Mosques especially in the provinces, meanwhile, routinely ignore the ban on foreign-educated preachers. Worried about the popularity of these “unofficial” imams, the government occasionally reacts by arresting them, as it did in April 2017 with Hajji Sardar Hajjihasanli, a respected, Iran-educated cleric in the town of Jalilabad, in the south of the country. Largely, however, the authorities turn a blind eye to such practices, wary of igniting an open confrontation with the Shiite believers.

The activities of the Iranian Cultural Center in Baku present the government with another uncomfortable dilemma. As part of Iran’s embassy, the center enjoys diplomatic immunity, but it spreads the religious-ideological message of the Islamic Republic. Anti-Americanism and general skepticism of the Western idea of democracy are prominent themes. The khutbas (sermons) of the center’s charismatic Azerbaijani-speaking preacher, Seyed Ali Akbar Ojaghnejad, are increasingly popular among the Shiite youth of Baku. The government in Baku, however, is reluctant to confront Tehran over these activities, since it also occasionally uses Ojaghnejad, a son-in-law of the hardline Iranian Ayatollah Mesbah-Yazdi, to pass messages to Tehran when relations between the two countries go sour.

The government’s case is also undermined by a lack of capable cadres. Grey, Soviet-era ideological apparatchiks are no match for charismatic preachers who speak a plain, emotionally appealing language. Occasionally, there are exceptions like Elshad Isqandarov, a previous head of the State Committee for Work with Religious Organizations, himself a practicing Shiite. But his ability to build trust-based relations with the religious communities eventually forced him out of his job, with the pro-government media accusing him, absurdly, of being both a Khomeinist and a follower of the Turkish Fethullah Gulen cult, despite the mutual incompatibility of these two currents.

Divide and Rule?

With such an unconvincing track record, there is a risk that the government will revert to a tried-and-true policy of divide and rule by backing a perceived weaker side in the country´s sectarian divide. It pursued such a policy in 1990s, when Sunnis, even of Salafist persuasion, were favored over the Shiites. Since then, the balance of power has tilted strongly in favor of the Shiites.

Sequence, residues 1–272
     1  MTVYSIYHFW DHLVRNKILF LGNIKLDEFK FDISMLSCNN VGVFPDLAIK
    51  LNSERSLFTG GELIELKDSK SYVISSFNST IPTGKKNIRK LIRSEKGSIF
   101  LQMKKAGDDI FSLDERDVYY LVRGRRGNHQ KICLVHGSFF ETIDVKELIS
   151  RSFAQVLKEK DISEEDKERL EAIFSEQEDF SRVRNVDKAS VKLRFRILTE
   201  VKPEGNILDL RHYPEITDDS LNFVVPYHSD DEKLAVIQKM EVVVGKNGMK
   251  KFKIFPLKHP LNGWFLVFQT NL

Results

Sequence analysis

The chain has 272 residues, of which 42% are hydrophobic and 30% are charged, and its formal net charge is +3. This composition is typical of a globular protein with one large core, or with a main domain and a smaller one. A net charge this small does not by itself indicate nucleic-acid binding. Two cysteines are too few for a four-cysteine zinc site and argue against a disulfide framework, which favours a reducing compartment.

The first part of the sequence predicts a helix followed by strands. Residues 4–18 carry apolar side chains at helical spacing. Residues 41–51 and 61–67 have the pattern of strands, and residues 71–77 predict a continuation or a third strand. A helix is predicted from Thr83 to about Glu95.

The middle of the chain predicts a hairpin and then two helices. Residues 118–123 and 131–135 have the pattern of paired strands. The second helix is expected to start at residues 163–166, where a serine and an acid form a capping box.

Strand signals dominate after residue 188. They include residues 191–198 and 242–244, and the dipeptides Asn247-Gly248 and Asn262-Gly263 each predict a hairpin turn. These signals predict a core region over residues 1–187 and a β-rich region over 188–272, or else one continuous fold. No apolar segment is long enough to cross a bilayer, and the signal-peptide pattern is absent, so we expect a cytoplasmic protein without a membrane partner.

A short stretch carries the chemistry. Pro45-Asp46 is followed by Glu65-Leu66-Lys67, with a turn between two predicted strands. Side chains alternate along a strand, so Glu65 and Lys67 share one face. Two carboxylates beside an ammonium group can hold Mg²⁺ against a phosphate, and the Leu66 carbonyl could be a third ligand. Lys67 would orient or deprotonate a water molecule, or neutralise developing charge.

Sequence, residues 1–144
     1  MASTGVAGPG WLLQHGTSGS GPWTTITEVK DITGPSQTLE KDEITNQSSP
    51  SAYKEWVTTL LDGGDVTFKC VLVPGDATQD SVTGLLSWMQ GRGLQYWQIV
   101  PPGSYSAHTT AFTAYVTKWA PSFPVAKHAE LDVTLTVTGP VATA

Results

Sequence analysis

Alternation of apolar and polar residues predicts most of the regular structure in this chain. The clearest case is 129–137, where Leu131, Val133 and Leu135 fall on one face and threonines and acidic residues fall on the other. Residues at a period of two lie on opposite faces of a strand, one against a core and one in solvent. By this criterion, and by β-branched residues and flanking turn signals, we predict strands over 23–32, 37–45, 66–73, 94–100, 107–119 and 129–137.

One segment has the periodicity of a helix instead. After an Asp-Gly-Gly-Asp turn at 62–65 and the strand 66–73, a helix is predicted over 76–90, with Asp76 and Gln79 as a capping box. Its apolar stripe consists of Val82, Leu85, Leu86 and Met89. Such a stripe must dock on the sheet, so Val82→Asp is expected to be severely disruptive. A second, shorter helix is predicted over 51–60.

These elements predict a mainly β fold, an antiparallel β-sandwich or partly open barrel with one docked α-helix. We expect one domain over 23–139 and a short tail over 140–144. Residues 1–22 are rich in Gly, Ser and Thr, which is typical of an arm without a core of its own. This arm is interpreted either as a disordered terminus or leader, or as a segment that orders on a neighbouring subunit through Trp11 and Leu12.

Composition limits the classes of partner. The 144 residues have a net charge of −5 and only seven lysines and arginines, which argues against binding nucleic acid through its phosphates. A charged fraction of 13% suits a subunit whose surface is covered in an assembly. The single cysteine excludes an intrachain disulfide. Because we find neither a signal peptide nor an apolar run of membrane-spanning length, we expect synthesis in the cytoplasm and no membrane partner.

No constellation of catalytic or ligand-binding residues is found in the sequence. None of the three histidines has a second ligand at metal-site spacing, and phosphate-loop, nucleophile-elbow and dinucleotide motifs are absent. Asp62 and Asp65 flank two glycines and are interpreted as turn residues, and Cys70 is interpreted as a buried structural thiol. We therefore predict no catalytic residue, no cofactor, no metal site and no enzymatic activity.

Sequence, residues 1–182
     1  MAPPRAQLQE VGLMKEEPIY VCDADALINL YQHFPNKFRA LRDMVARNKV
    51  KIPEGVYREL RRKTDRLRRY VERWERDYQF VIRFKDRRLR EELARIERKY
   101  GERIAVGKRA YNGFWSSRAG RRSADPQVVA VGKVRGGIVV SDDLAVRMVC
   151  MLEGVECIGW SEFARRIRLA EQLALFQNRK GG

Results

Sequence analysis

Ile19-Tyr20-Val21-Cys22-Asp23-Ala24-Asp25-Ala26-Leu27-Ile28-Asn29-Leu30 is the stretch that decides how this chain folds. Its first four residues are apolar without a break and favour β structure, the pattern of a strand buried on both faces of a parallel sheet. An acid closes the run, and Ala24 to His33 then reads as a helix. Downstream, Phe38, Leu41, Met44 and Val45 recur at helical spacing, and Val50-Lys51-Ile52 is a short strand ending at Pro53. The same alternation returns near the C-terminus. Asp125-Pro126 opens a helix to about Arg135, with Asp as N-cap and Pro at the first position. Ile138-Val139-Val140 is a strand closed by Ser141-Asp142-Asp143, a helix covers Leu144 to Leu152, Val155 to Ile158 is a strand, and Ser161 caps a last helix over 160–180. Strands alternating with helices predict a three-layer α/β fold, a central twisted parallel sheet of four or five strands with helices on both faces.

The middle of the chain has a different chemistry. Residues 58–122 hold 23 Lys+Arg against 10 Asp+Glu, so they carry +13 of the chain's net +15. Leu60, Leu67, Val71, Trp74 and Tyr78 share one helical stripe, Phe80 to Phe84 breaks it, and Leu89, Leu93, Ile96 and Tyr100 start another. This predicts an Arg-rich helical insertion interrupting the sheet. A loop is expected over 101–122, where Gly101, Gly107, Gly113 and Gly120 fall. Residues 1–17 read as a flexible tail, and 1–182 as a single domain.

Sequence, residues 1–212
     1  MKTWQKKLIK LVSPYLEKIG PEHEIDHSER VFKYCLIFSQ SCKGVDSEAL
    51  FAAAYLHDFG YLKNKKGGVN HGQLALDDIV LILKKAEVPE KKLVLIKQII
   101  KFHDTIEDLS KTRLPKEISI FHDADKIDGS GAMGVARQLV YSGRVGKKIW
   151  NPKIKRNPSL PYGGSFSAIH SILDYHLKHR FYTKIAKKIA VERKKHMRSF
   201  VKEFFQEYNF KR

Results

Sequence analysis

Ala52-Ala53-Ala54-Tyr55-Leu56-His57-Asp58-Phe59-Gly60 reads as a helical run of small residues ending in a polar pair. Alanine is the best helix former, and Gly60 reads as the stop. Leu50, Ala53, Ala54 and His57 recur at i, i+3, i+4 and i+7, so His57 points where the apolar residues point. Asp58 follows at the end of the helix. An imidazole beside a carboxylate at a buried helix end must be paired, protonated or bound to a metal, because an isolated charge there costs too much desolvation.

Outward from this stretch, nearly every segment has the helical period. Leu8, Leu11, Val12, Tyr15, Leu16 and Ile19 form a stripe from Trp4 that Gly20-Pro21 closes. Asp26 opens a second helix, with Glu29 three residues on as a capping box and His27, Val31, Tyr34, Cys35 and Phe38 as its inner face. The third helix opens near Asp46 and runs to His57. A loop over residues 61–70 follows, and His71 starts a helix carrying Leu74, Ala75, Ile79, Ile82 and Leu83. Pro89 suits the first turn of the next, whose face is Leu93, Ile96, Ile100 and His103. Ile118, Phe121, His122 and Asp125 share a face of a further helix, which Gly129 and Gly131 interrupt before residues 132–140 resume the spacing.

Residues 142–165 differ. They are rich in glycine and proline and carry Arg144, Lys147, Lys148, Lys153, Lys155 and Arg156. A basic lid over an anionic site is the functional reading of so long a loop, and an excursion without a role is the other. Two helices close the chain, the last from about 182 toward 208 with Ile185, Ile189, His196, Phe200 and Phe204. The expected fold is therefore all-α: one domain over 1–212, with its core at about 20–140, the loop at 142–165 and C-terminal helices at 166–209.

As part of an effort to balance them, there is a talk of re-opening the Abu Bakr mosque in Baku, which, up to its closure few years ago, was the focal point of Salafist missionary activity in the country. Despite that, the government tolerated its imam, the Saudi-educated Gamet Suleymanov, since he repeatedly made a point of recognizing President Ilham Aliyev’s authority.

Some Baku-based observers worry that the government might even be tempted to re-direct Azerbaijani Salafists, returning home from Syria and Iraq after the defeat of the Islamic State, against the country’s Shiites. Although pitting the Sunni and Shiite radicals against each other might deflect some pressure from the ruling elite, the long-term consequences for the country would be disastrous. As Altay Goyushov, Azerbaijan’s leading expert on Islam, warns, at present the number of political Islamists in Azerbaijan, of both Sunni and Shiite persuasion, barely exceeds 20% of the total population. The confrontation, however, would push more people to define themselves primarily according to their narrow sectarian identities and lead to a full-fledged sectarian strife, with unpredictable and destabilizing consequences.

This article reflects the personal views of the author and not necessarily the opinions of the European Parliament.

Photo: Ilham Aliyev attends the opening ceremony of the Juma Mosque in Shamakhi.

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About the Author

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Eldar Mamedov has degrees from the University of Latvia and the Diplomatic School in Madrid, Spain. He has worked in the Ministry of Foreign Affairs of Latvia and as a diplomat in Latvian embassies in Washington D.C. and Madrid. Since 2007, Mamedov has served as a political adviser for the social-democrats in the Foreign Affairs Committee of the European Parliament (EP) and is in charge of the EP delegations for inter-parliamentary relations with Iran, Iraq, the Arabian Peninsula, and Mashreq.